This week’s Social Media Matters column (originally published June 3, 2011)

Social Media Matters
By Brian Cormier
Moncton Times & Transcript
Friday, June 3, 2011
Metro section

Tweets can come back to haunt you

I was the victim of my own carelessness earlier this week when I tweeted that I’d received a nice e-mail from Orin “Hatch”, the bandleader and musical director for Canadian Idol after I’d written a commentary for HuffPost Canada about Canadian reality television and mentioned the show.

For you political buffs out there, “Orrin Hatch” is actually the Republican senator from Utah. Over the years, I’ve been involved in several media training sessions that have used one of his television news interview clips as part of the training. If you say “Orrin” (or “Orin), my mind automatically goes to “Orrin Hatch”.

Unfortunately, the e-mail I received was actually from Orin Isaacs – not Orrin Hatch. Orin Isaacs was the musical director and bandleader for Canadian Idol and was kind enough to send me the kind words about the commentary I wrote for HuffPost Canada. The brain is a funny thing. Even when you’re certain you wrote something down correctly, it’s always best to double and triple check.

Subsequently, my erroneous “Orin Hatch” Twitter post was retweeted by one of HuffPost Canada’s editors, obviously quite pleased with some positive feedback being received by one of the website’s bloggers after only a week out of the starting gate. (HuffPost Canada launched last week.)

This is one of the dangers of Twitter. When you make a mistake and it’s retweeted to thousands of people before you can correct it, you not only embarrass yourself (and trust me, I was mortified by my error), but you also embarrass those who retweeted you believing that what you wrote was accurate. Credibility can take a hit.

I removed the erroneous tweet right away and rewrote it to ensure that “Isaacs” replaced “Hatch” and reposted it. I also advised the editor who retweeted it that I’d erred in order to give him a chance to delete his retweet. (Clear as mud, eh?)

If you make an error on Twitter, be sure to advise the people who retweeted your erroneous post so that they may have the option of correcting or deleting the error. It’s only fair. Don’t just assume they saw the correction.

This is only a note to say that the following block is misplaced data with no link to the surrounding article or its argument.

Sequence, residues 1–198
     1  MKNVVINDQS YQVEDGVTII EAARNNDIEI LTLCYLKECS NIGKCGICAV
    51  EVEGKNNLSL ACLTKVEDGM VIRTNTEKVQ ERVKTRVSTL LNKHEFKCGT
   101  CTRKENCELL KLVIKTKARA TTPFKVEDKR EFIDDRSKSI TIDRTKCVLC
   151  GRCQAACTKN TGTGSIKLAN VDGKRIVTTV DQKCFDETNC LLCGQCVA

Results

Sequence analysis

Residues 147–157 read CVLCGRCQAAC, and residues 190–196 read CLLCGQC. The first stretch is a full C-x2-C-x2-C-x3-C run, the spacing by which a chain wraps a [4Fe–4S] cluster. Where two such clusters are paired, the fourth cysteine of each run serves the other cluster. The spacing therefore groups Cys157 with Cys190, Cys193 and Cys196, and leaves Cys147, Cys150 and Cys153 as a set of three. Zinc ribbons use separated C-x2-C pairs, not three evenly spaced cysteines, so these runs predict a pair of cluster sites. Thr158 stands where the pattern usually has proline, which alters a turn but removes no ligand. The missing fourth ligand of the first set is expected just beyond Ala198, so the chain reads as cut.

Ah, the joys of social media. My joy of getting a positive e-mail from one of Canada’s most successful musicians quickly turned to embarrassment due to my own error and then it started getting spread by others. Moral of the story: double and triple check everything you send, especially when you’re mentioning others. Thanks also to the Facebook friend who pointed out the error to me. Making stupid mistakes in social media can be a credibility killer. It’s always best to own up to them immediately.

Featured YouTube channels

Here are three YouTube channels for you to check out. This week’s channels are all related to goal-setting and success.

Success Magazine: This is a great channel that features motivational and self-improvement videos from some of the world’s most renowned success coaches and entrepreneurs. Subscribing to this channel is a must for anyone interested in goal-setting, positive thinking and entrepreneurship.

John Maxwell Team: John Maxwell is one of my favourite motivational speakers. What I particularly like about him is his stance that you can’t please everyone and that trying to do so is the kiss of death for any entrepreneur or leader. Five days per week, he posts a short motivational clip series called “A Minute with Maxwell” based on one word, i.e. “goals”, “selflessness”, etc. Always interesting and they’re only a minute long, so they’re quick and easy to listen to!

Better Life Media: This channel features video playlists by a variety of inspirational success coaches, authors and mentors, including Stephen Covey, Brian Tracy, Denis Waitley, Les Brown and Jim Rohn.

YouTube channel inspiration dies

A few weeks ago, I wrote about a new Moncton-based YouTube channel called A Journey through Cancer that depicted some of what channel inspiration Harley Marr and his family had been going through since his hospitalization several weeks ago.

Harley was diagnosed with stage four prostate cancer a few years ago. He and his family – including his wife Jenn and children Ali and Joel – decided that they would work every day to make a difference instead of just sitting back and being victims.

Harley died on May 27 – one week after the last video was posted. The last video is very sweet and shows the family taking their dog Rocky to visit Harley in the hospital. Harley was so happy to see Rocky and watching them together just warmed the heart.

I want to pass along my personal condolences to the Marr family and thank them for sharing some of their very difficult and emotional journey with us through YouTube. I had only met Harley a couple of times but felt like I knew him through the videos.

Donations in Harley’s memory may be made to Harley’s Heroes, the Canadian Cancer Society’s Relay for Life team organized by his wife, Jenn.

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